The NBA Is a Flop and We Are Committing the Charge

Nick Gelso@CLNS_NickCorrespondent IJuly 20, 2010

BOSTON - MAY 07:  LeBron James #23 loses his balance during action against  the Boston Celtics during Game Three of the Eastern Conference Semifinals of the 2010 NBA Playoffs at TD Banknorth Garden on May 7, 2010 in Boston, Massachusetts. NOTE TO USER: User expressly acknowledges and agrees that, by downloading and or using this photograph, User is consenting to the terms and conditions of the Getty Images License Agreement. (Photo by Jim Rogash/Getty Images)
Jim Rogash/Getty Images

When I was growing up, I watched NBA basketball for the intensity it's stars brought to the game. Gone were the days of the cocaine riddled, me-first, ABA/NBA merger era. Magic and Bird ushered in a new breath of fresh air. The breeze was dominated by an unselfish nature that was contagious. A sense of national obsession soon followed.

There was no 24-hour news and ESPN hadn't even been thought of yet. Of course, the national media still created a buzz but the fans spread the word. They flocked to NBA arenas to see a true competitive sport. The stars of the 70's were given a renaissance by Bird and Magic. Two men who would rather die than shake hands. They didn't call each other during the off-season and I am sure they never met for "tea" after games.

Larry Bird was too busy getting into bar fights over Miller Lites during the frustrating finals of '85.  Bird's now infamous 1985 brawl does not nearly get the attention his challenge to his teammates gets in 1984 as Kevin McHale clothes-lined Kurt Rambis and the Celtics defeated the Lakers in seven games.

Meanwhile, Magic Johnson's trademark smile laughed his way to the NBA championship five times. We all thought he was so nice and always jovial. Truth be told, Magic's sinister smile was tragic for the rest of the league.

Doctor J got involved in the 1980's first of two titles that didn't end up in Boston or LA. The Doctor's desperation to win his first NBA title was satisfied in 1983 when he finally defeated the Lakers. The season prior, the chant of "beat LA" was created in Boston. It was evident that the Celtics were going to fall to the Sixers in the Eastern Conference Finals. As the final buzzer rang on their beloved Celtics, the Boston Garden rained down words of encouragement on their arch rivals of the east. Ironically, Bill Russell called that game for CBS and, as strange as it was, he seemed okay with the Garden encouraging the away teamback then, anything was better than LA winning another title.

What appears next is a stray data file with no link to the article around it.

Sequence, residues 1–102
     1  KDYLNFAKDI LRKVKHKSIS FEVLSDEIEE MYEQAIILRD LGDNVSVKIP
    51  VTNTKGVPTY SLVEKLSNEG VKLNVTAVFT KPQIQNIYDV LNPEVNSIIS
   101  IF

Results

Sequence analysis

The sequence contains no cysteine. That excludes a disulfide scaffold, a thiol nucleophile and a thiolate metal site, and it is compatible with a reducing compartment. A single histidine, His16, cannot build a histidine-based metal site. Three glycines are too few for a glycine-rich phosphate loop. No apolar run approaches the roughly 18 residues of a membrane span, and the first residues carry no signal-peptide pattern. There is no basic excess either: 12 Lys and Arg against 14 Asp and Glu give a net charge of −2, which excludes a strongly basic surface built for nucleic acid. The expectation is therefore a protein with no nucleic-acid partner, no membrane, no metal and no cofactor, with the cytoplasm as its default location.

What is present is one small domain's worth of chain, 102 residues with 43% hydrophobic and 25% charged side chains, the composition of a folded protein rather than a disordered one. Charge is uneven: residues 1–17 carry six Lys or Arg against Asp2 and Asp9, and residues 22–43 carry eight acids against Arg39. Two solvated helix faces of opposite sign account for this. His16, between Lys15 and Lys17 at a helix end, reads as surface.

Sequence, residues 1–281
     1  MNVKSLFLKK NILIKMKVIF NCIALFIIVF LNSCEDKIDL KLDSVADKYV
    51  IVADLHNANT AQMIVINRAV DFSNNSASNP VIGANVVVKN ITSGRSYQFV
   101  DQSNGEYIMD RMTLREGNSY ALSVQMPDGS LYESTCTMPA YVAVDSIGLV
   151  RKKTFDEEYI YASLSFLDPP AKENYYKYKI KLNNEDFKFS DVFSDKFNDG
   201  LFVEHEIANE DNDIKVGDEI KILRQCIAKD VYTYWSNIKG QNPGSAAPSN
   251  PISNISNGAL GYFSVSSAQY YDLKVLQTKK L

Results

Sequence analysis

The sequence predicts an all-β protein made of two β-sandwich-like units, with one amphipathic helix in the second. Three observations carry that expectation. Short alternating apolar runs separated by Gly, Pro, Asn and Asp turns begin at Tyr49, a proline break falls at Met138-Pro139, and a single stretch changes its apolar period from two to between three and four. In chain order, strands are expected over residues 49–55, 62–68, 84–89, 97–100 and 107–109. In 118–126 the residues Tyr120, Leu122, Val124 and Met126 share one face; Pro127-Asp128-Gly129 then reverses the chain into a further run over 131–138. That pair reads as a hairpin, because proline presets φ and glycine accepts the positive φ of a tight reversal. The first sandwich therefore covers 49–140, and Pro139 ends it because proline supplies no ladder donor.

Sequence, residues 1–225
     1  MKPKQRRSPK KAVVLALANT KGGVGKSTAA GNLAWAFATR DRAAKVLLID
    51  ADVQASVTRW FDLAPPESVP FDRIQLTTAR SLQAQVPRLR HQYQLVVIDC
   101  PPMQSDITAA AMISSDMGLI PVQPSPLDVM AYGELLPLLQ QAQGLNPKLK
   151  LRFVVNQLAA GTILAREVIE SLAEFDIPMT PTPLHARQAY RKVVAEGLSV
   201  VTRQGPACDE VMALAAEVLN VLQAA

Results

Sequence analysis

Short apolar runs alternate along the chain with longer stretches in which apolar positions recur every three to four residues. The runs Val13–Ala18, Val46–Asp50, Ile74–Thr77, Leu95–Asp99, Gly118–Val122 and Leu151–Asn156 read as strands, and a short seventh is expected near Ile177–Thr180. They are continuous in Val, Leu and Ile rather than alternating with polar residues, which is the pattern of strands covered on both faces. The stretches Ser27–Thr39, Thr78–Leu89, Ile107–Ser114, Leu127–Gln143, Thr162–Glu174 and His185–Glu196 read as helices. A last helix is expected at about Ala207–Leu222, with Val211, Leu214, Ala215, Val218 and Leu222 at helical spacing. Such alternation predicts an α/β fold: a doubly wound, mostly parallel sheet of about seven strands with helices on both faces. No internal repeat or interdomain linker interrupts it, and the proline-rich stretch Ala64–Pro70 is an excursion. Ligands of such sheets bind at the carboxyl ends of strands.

Unfortunately for the Doctor, he would have to wait another season for his one and only title.

The second odd-ball title went to the Pistons in 1989. After three attempts, they had finally gotten past the Celtics in 1988,  but went on to lose to the other book end out west. The bad boys of the 80's got their second chance to beat LA in 1989 and they fought off Magic's attempt at a three-peat. Finally, the NBA could cheer on a champion that didn't call Boston or LA their home.

Ten yearsten finals appearances by either the Lakers or Celtics. Three titles went to Boston while five went to LA-LA land.

Stingy? yes.

Greedy? If you're not a Lakers or Celtics fan,definitely.

Entertaining? Without a doubt. Every minute of it. So much so that we are still reliving it. We are still trying to recapture those golden moments of an era dominated by just two teams.

The Doctor waited twelve seasons for NBA glory (the ABA doesn't count). Isiah Thomas, arguably one of the toughest and feistiest players ever to lace up, waited eight seasons.

So, with all this hoopla around Michael Jordan's recent comments, where was he during this era?

Jordan was still getting swept in the first round by...READ MORE